Events: something that happens instantaneously at a single point in spacetime, such as a light flashing, or a point on a moving object passing another point. All events in spacetime are defined using the four coordinates t, x, y, z. Imagine a particle moving through spacetime as a succession of events through spacetime, the line linking all those events is called the particle’s world-line.
Frame of Reference: The coordinate system from which each observer takes measurements.
The two Postulates of Special Relativity:
- The laws of physics are the same in any inertial frame of reference, regardless of position or velocity.
- The constancy of the speed of light in a vacuum – the speed of light in vacuum has the same value c = 3 × 108 m s-1 in all inertial frames of reference.
Vertical axis is ct –not t- in order to draw the world-line of light at 45º (convenient scale).
To add a second observer we will define a S’ as a new frame of reference. The speed of light c is the same for all inertial observers. This means that any light ray will always be drawn with a 45° slope for any inertial frame. The broken line represents a light ray emitted at x’ = 0, ct’ = -a, striking a mirror at x’ = a, ct’ = 0 and reflected back to x’ = 0, ct’ = a. We call the point (or event) P where x’ = a, ct’ = 0.
As a varies, so will the position of point P. In fact, because of the constancy of the speed of light, point P (where ct’ always equals zero) traces out the x’ axis for different values of a.
We use this property of point P to define the position of the x’ axis in Figure at the right. This time we are back to showing the reference frame S of observer O, who records a light ray (the broken line) emitted at point Q (x’ = 0, ct’ = -a) striking a mirror at point P (x’ = a, ct’ = 0) and reflected back to point R (x’ = 0, ct’ = a). The broken lines from points Q and R must be at 45° to the x axis. Where these lines intersect must be at point P, the position of the mirror at x’ = a, ct’ = 0. Therefore, a straight line drawn through P and the origin must define the x’ axis.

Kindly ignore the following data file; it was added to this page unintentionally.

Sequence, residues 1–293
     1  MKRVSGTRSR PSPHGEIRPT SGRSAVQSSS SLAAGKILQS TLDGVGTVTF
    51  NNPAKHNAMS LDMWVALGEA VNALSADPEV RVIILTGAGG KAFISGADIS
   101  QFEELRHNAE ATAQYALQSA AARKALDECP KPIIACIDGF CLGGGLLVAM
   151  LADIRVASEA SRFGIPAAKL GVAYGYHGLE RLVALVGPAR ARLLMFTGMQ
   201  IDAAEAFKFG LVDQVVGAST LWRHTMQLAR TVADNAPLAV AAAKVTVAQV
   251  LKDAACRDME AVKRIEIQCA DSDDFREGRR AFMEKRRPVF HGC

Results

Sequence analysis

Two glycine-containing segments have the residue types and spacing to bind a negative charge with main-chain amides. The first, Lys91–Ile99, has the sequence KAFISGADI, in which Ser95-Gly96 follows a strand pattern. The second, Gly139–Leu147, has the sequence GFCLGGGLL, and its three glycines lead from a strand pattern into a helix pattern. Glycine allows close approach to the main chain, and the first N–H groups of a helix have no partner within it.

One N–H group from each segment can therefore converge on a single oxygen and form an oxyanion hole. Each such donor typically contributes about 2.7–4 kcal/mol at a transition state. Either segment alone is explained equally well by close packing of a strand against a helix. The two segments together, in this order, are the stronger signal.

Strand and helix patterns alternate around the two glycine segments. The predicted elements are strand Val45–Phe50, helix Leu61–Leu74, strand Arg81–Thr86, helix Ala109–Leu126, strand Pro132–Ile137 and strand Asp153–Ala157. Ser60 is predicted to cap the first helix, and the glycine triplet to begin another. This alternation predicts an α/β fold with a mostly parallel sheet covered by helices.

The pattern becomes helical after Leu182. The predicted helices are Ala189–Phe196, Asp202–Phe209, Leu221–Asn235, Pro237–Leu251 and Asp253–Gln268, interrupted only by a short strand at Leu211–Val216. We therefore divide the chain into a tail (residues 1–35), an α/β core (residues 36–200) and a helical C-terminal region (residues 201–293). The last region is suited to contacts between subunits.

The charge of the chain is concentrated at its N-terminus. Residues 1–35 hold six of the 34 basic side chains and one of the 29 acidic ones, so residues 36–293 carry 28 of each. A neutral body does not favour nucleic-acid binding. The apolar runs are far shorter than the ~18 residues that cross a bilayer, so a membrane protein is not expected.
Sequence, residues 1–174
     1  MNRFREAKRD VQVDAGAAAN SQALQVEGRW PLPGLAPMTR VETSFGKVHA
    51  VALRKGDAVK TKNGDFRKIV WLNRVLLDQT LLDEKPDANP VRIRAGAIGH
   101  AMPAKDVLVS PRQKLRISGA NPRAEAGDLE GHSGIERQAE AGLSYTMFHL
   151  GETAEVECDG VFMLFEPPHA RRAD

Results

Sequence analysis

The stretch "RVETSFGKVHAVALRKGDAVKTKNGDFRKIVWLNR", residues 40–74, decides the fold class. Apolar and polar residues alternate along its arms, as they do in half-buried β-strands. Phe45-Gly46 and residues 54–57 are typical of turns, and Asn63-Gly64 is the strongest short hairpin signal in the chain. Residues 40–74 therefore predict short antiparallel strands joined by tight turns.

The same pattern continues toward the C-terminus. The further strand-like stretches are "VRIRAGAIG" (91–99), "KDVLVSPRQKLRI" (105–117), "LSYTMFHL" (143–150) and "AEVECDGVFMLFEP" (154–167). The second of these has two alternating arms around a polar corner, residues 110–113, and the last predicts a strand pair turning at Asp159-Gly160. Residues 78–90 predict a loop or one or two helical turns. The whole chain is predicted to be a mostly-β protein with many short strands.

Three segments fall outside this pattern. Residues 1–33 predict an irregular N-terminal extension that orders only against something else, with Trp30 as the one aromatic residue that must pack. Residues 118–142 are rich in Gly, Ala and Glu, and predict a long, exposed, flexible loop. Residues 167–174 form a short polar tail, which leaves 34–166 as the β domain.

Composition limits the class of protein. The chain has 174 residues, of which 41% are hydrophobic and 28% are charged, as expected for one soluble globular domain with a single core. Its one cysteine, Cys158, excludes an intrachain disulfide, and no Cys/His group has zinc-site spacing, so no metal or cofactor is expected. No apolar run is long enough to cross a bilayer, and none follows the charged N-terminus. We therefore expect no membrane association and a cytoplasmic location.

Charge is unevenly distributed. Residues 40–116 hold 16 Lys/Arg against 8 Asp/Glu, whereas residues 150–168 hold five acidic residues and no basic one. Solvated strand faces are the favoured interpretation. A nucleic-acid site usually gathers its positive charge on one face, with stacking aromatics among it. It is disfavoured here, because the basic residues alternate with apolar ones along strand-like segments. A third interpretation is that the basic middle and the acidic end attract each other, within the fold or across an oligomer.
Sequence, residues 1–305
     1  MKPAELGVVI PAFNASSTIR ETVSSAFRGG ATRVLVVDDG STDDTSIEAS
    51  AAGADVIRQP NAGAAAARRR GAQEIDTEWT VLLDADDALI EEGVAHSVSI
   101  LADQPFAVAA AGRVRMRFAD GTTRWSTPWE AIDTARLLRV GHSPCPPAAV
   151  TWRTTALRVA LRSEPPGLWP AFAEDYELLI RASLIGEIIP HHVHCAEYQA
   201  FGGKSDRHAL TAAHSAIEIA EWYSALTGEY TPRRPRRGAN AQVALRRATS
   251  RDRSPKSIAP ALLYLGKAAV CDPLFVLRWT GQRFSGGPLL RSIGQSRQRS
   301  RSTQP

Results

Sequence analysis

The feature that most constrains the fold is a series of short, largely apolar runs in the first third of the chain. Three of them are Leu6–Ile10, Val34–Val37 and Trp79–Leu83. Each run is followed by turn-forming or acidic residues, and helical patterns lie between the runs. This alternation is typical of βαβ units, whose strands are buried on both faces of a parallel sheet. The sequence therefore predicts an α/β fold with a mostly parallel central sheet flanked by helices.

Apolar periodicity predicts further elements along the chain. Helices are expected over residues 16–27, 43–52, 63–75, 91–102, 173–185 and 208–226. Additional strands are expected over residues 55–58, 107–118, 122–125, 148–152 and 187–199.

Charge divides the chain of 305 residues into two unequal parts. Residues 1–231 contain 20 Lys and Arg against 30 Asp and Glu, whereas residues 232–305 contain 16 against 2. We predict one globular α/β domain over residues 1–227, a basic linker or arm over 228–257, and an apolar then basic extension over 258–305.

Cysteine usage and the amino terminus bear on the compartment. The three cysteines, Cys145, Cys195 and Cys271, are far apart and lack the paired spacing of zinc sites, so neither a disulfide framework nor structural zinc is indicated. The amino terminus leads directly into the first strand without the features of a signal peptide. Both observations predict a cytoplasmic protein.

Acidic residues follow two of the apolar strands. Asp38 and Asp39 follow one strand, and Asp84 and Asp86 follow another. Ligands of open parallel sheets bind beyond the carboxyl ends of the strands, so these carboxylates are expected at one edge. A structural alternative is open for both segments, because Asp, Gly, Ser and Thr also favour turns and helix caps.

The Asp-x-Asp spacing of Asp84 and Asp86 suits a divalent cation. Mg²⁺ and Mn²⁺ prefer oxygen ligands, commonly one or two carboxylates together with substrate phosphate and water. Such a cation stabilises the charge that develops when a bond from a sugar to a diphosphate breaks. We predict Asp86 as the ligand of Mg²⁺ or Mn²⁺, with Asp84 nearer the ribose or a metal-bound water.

The triangle ORP is an isosceles triangle (two sides of equal length, and therefore two equal angles) bisected by a line at 45° to the x axis and passing
through O. Therefore, the x’ axis must make the same angle with the x axis as the ct’ axis makes with the ct axis, ie . θ = α
How do we now describe the coordinates of a particular event A?
We need to construct coordinate lines parallel to the respective axes. We read off A’s coordinates with respect to the x and ct axes normally, as we would on any Cartesian grid.
We then construct a line passing through A and parallel to the x’ axis. Where this line crosses the ct’
axis gives us the ct’ coordinate – . Similarly, we then construct a line passing through A and parallel to the ct’ axis. Where this line crosses the x’ axis give us the x’ coordinate – .
Invariant hyperbola pass through the ct axis at ct = 1, and the ct’ axis at ct’ = 1.
The horizontal dotted line AC is a line of simultaneity for observer O, all events have the same time value of ct = 1.
The sloping dotted line BD (tangent to the hyperbola at B) is a line of simultaneity for observer O’, all events have time value of ct’ = 1.
Observer O’ measures event C occurring at a time ct’ < 1 on his ct’ axis. However, observer O measures the same event occurring at time ct = 1 on his ct axis.
From the point of view of O, the clocks on frame S’ belonging to O’ are running slow. The black arrow TD is the time dilation observed by O. Observer O measures event D occurring at a time ct < 1 on his ct axis. However, observer O’ measures the same event occurring at time ct = 1